What better way for a writer to make sure future generations understand her life and work to than to write her own story? In the introduction to her unfinished autobiography, editor Carlos L. Dews writes, "Perhaps more important than any of the specific content in the autobiography are the traces of Carson's personality found just beneath the surface of the narrative. McCullers's rare, cherished illuminations helped her survive the most frequent and lasting night glare because they provided her, like her character Mick Kelly in The Heart Is a Lonely Hunter, an inner room to which she could retreat to recover, create, and protect herself."

Photo credit: Harry Ransom Center

Join Carson on a visit to her own inner room.
"I was dainty if I was anything, my mother saw to that. She wanted me to be pretty and did her damndest to make me so. I wasn't downright homely, but I was no beauty no matter how Mother fussed over me."
"I yearned for one particular thing; to get away from Columbus and to make my mark in the world. I realized that Daddy would not be able to send me to Julliard or any other great school. I know my Daddy was embarrassed about this, and loving him as I did, I quietly put away all my thoughts of a music career, and told him I had switched 'Professions', and was going to be a writer."
"Reading Isadora Duncan and Lady Chatterley Lover was one thing but personal experience was another. When I asked my mother about sex she asked me to come behind the holly tree and said with her sublime simplicity, 'Sex, my darling, takes place where you sit down.' I was therefore forced to read sex text books, which made it seem so very dull, as well as incredible."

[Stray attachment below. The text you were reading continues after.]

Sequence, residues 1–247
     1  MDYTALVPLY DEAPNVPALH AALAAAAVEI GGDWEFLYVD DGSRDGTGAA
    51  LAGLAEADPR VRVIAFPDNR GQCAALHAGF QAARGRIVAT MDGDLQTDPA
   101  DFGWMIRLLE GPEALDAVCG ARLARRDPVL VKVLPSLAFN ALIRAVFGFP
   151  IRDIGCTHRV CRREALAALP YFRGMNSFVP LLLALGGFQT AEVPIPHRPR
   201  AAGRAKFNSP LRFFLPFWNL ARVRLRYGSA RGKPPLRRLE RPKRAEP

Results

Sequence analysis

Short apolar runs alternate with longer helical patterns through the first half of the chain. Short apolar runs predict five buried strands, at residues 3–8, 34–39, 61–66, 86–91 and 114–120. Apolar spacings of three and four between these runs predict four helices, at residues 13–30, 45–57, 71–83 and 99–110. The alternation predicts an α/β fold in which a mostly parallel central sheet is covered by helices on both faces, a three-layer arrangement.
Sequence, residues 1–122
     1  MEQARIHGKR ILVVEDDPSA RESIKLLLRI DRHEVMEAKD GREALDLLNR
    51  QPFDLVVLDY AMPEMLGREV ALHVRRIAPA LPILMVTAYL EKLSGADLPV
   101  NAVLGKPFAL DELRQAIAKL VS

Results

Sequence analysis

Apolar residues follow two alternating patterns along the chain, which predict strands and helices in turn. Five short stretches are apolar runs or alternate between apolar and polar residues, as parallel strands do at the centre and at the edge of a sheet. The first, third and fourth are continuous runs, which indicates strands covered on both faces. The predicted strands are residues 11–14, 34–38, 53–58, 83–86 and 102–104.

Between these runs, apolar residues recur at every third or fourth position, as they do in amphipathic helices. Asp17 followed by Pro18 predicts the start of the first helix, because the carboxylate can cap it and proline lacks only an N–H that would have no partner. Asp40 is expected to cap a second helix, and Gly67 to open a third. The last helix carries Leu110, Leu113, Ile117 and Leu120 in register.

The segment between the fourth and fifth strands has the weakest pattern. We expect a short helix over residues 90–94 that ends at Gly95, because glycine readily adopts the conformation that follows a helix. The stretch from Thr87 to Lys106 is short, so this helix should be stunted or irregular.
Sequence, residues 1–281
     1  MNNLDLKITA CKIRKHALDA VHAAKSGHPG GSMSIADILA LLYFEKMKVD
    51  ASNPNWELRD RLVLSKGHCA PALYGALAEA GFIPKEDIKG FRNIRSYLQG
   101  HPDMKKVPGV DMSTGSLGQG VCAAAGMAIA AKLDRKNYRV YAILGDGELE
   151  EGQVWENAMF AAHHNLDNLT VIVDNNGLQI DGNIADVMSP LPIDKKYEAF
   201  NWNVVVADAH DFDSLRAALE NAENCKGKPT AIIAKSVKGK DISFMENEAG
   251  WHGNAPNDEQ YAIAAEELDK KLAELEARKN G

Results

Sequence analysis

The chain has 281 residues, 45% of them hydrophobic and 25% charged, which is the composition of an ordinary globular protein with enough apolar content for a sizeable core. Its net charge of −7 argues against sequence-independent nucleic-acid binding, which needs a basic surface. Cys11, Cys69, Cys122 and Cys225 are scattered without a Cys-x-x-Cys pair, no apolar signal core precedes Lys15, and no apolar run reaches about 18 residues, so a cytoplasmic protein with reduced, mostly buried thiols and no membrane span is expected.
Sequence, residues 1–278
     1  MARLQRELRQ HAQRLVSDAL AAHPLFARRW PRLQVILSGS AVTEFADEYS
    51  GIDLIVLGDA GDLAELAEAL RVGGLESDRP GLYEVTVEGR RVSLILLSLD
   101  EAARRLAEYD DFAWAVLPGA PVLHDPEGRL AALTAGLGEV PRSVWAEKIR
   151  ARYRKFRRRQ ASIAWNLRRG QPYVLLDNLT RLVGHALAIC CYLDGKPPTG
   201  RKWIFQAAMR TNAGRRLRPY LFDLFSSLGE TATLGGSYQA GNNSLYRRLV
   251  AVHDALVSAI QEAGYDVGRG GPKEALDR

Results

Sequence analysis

"I was completely absorbed in work, and if the food burned up [Reeves] never chided me. More important, he read and criticized each chapter as it was being done. Once I asked him if he thought [Heart] was any good. He reflected for a long time, and then he said, 'No, it's not good, it's great.'"
"I don't know why I felt I owed such devotion to Reeves. Perhaps it was because he was the only man I had ever kissed, and the awful tyranny of pity. I knew he was not faithful to me sexually, but that did not matter to me, nor am I an especially maternal women. We might have been far, far happier as casual friends. But that's not the way it happened."
"It was going to be a marriage of love and writing for both of us. My life was following a pattern I have always followed. Work and love. I worked hard and loved hard. I must say that in all his talk of wanting to be a writer, I never saw one single line he's ever written except his letters."
"This fear is one of the horrors of an author's life. Where does work come from? What chance, what small episode will start the chain of creation? I once wrote a story about a writer who could not write anymore, and my friend Tennessee Williams said, "How could you dare write that story, it's the most frightening work I have ever read.' I was pretty well sunk while I was writing it."
"I want to be able to write whether in sickness or in health, for indeed, my health depends almost completely on my writing. The doctors have all decided that my crippled leg must be amputated. They cannot do it right away because the hospitals are so full...So in the nights of glare I just cuss out the doctors for making me wait, and cuss out my leg for hurting so."
"What are the sources of an illumination? To me, they come after hours of searching and keepinh my soul ready. Yet they come in a flash, as a religious phenomenon. The Heart is a Lonely Hunter hed such an illumination, beginning my long search for the truth of the story and flashing light into the long two years ahead."


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